He said dairy farmers who tendered prices at or below the purchasers’ average price would be contracted.

“They all get the same price,” he said.

If farmers’ tendered prices were above the purchasers’ average price, those tenders would not end up with contracts.

Fonterra said the fixed base milk price was a risk management tool.

Mr Watt said the system gave farmers an opportunity to reduce market volatility and allow them to gain a price they were comfortable with and falls within their budgets.

He said farmers would need to have a good understanding of the costs of their operation.

He said milk suppliers might submit a range of tenders of different volumes at a variety of prices.

The fixed price would be announced in mid-May after matching the supply and demand between farmers and customers.

Mr Watt said the fixed price system accounted for up to 10 per cent of Fonterra’s milk intake.

“What we tend to have is repeat users,” he said. “Farmers who have used it before typically go back and use it again.”

Tasmanian milk suppliers were the biggest users of the system.

Gippsland dairy farmer Stuart Griffin said he had used the fixed base price system since it had been offered by Fonterra from 2014.

The Westbury dairy farmer said certainty of price was the driving factor.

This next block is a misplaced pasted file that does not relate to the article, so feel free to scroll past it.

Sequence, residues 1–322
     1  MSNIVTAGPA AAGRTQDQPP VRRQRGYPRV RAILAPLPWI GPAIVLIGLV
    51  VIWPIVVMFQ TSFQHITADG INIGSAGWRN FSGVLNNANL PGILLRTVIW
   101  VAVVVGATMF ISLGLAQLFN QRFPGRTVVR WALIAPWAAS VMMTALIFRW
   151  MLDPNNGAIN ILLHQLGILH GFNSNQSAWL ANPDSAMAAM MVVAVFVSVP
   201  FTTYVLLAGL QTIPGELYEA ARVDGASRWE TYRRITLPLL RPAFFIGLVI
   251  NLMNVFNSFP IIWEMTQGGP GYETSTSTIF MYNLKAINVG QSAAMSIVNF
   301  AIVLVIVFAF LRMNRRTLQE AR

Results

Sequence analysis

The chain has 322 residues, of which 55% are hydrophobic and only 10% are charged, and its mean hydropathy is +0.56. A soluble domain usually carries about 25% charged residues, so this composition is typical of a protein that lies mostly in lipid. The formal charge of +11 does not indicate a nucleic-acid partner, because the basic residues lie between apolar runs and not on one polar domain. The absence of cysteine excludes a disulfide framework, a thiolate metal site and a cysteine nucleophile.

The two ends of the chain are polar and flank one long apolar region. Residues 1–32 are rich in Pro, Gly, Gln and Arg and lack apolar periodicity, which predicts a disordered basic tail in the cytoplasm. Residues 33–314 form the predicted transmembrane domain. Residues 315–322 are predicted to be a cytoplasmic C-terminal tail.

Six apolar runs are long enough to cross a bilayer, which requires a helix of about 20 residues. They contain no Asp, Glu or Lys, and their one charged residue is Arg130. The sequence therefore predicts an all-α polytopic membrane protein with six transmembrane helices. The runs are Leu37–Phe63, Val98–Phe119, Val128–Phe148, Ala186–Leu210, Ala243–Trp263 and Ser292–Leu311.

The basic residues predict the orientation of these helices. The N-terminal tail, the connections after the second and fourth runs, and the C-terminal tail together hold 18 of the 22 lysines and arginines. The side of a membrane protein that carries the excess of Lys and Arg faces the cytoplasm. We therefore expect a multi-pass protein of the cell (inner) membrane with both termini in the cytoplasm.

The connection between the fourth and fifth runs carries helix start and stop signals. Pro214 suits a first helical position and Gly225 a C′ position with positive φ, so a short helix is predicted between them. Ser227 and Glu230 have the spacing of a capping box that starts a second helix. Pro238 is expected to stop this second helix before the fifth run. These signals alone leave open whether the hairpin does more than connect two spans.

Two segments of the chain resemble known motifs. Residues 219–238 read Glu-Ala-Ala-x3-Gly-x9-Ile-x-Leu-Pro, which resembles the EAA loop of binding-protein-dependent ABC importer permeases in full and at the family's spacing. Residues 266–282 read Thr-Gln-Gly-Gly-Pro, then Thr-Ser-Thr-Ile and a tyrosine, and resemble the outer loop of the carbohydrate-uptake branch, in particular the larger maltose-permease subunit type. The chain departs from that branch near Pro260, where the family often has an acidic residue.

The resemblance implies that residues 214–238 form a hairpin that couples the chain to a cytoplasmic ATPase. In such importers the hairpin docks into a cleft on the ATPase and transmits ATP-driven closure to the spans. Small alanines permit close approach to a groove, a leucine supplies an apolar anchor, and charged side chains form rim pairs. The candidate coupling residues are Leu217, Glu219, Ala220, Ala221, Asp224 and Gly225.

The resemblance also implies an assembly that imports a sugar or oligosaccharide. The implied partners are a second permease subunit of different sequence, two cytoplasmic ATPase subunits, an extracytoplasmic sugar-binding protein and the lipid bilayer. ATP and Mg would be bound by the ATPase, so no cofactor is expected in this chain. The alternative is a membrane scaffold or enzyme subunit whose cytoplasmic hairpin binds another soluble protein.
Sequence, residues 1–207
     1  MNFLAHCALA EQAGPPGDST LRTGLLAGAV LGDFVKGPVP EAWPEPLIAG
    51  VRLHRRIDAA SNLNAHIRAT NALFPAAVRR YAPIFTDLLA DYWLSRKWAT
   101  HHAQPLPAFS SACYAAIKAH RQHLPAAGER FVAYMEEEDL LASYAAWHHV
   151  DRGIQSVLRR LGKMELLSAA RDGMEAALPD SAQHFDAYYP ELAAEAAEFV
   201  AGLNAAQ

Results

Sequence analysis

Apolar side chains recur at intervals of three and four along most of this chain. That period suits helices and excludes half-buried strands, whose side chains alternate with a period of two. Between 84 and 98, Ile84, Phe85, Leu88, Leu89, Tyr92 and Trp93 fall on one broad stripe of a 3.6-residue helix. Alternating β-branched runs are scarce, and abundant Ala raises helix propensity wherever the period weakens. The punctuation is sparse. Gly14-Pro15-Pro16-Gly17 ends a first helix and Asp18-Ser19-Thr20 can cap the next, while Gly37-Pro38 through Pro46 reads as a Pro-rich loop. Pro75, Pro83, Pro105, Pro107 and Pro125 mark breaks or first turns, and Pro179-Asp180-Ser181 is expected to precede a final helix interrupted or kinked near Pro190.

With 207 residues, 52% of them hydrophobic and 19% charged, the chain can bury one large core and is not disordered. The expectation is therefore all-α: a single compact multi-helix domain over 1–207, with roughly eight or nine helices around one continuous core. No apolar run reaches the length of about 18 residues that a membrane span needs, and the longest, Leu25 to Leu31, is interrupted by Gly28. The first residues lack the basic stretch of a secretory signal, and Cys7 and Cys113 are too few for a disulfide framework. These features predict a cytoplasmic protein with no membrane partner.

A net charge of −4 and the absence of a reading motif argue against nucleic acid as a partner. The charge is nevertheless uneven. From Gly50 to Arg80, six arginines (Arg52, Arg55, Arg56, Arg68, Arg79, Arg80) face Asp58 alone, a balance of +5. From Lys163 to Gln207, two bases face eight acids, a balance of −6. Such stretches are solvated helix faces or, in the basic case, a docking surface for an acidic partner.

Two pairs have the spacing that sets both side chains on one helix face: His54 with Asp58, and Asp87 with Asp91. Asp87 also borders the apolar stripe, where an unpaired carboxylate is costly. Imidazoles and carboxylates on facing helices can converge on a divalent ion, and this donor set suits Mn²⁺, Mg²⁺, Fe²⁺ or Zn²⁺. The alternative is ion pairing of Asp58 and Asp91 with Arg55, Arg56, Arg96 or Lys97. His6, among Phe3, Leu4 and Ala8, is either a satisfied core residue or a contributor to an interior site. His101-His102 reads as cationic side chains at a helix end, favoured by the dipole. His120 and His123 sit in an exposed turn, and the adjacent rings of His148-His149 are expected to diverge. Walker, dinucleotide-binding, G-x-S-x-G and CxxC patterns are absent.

“It allows us to plan better for the season,” Mr Griffin said. “It also gives us downside protection on a proportion of our milk.

“The other benefit is that you get that (contracted) price from day one.”

Mr Griffin said his family’s operation was sometimes successful in gaining a contract while missing out in some years because their tender price was too high.

“We make a calculated decision on what we will tender and what price we’re happy to lock in at,” he said.

 

Source: The Weekly Times

China crisis will have positive impact on US Dairy exports to favorite Asian region

According to recently US government trade data, American exports to Southeast Asia reached a historical high last year, increasing 28% over 2017 to 441,000 tonnes.

At the same time, the country saw 9% growth in overall shipments worldwide in a bumper year for the dairy export trade there.

The supply is abundant all over and competition is definitely here in Southeast Asia. Dairy ingredients and products need a home to go to​,” said Dali Ghazalay, regional director of the US Dairy Export Council (USDEC), who is based in Singapore.